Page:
CLEVELAND — Domestic violence has reached an alarming rate across the United States.
Data shows 1 in 3 women and 1 in 4 men have experienced some sort of physical violence by a partner.
Many suffer in silence and are afraid to get help.
A Cleveland woman has transferred her trauma into the pages of a new book. She hopes by sharing her story of survival that others will find the necessary support and motivation to start fresh.
Leslie M. Terry lived in fear for eight years.
Each day, she says she was brutally beaten, attacked and humiliated by her ex-partner.
She found her voice —and turned her years of pain into a new passion: advocating for others.
"This smile…. Means everything to me," Leslie M. Terry, "My Story My Life" author, said.
East Cleveland native and domestic violence survivor, Terry admits her smile was stolen from her for years.
She re-discovered joy and her true self after she walked away from the man who she says made her life a living nightmare for nearly a decade.
"I almost died. He almost killed me. He choked me so bad that I lost consciousness," Terry said.
She channeled her journey to escape—key stroke by key stroke, and page by page in her memoir titled "My Story My Life".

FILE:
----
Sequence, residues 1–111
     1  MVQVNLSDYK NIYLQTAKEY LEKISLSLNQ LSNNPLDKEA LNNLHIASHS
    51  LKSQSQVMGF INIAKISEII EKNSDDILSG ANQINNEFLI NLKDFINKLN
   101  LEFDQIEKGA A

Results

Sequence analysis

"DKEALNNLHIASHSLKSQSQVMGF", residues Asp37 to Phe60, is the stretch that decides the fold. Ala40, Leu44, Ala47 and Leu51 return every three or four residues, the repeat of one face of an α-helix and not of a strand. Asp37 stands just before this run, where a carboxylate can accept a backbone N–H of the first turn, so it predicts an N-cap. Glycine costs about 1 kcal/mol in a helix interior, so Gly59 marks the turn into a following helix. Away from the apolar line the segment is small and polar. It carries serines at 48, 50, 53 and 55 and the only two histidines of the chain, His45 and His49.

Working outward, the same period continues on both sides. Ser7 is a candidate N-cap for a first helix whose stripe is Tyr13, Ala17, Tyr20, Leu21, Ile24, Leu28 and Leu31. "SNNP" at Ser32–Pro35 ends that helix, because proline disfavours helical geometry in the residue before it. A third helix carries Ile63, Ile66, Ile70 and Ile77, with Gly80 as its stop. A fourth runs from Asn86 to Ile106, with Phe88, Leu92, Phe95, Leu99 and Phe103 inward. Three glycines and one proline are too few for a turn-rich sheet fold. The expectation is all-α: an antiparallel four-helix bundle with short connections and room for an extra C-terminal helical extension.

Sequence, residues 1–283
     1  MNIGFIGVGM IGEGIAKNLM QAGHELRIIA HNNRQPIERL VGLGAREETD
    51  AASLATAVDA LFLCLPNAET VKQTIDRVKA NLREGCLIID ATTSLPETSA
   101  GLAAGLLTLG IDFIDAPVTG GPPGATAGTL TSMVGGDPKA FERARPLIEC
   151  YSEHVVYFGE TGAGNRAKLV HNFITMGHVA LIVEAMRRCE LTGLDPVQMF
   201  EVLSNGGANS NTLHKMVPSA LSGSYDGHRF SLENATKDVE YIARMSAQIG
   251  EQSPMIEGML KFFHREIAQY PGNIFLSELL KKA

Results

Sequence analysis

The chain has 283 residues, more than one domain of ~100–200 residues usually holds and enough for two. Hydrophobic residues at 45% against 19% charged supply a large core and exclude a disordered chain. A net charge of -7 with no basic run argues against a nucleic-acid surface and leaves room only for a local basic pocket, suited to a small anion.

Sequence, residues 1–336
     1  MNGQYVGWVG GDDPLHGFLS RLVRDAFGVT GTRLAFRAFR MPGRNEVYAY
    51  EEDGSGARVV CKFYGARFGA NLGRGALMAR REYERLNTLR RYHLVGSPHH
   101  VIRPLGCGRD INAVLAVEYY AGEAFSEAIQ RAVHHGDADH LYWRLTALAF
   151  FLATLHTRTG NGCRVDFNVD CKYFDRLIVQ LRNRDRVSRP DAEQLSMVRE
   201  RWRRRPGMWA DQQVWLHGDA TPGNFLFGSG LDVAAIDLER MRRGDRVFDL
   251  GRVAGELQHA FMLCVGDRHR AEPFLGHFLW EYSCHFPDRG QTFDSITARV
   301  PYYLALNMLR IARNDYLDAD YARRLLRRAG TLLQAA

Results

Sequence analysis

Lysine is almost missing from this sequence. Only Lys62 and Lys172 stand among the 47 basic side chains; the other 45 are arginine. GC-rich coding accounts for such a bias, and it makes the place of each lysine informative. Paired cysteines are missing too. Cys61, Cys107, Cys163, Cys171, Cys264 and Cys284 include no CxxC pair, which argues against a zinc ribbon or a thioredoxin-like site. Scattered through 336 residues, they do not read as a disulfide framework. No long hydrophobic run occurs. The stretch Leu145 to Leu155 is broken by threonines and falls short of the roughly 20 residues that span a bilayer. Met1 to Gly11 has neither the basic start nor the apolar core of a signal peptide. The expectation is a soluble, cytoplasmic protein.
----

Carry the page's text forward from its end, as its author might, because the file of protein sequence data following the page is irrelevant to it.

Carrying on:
She fell into a bad relationship with whom she describes as the "wrong guy" back in her late 20s.
The abuse was constant and impacted every part of her life as a mother and patient care worker.
"It was to the point where I almost lost my job because I kept going to work with black eyes," Terry said.
She wanted so desperately to get help but was always scared of her abuser. She refused assistance from family and friends.
The scars and marks remained.
"I had a big bubble on my arm, but I covered it up with a tattoo. Purple ribbon. I covered it up," Terry said.
Over time the relationship soured and finally, she split from him.
Reading the book she says she can smile today knowing she's a survivor. A warrior. The strength she found within has helped her rediscover her worth.
She has a simple and strong message for anyone in an abusive relationship:
"Love shouldn't hurt. You're supposed to enjoy your relationship. Your relationship shouldn't be abusive," Terry said.
Terry is releasing a new book in the near future.
It is titled "Free at Last".
It's about finding independence and love again.
She's now starting a non-profit and acting as a youth mentor, as well.
She also wants people to know there are resources.
If you or someone you know needs immediate help—call the National Domestic Violence Hotline.
It's 1-800-799-7233. You can also text START to 88788.
She says the hardest part is walking away and no one can make you do it, but it's worth it.
To buy Leslie's book, click here: https://www.amazon.com/MY-STORY-LIFE-DOMESTIC-VIOLENCE/dp/B095NSQXCY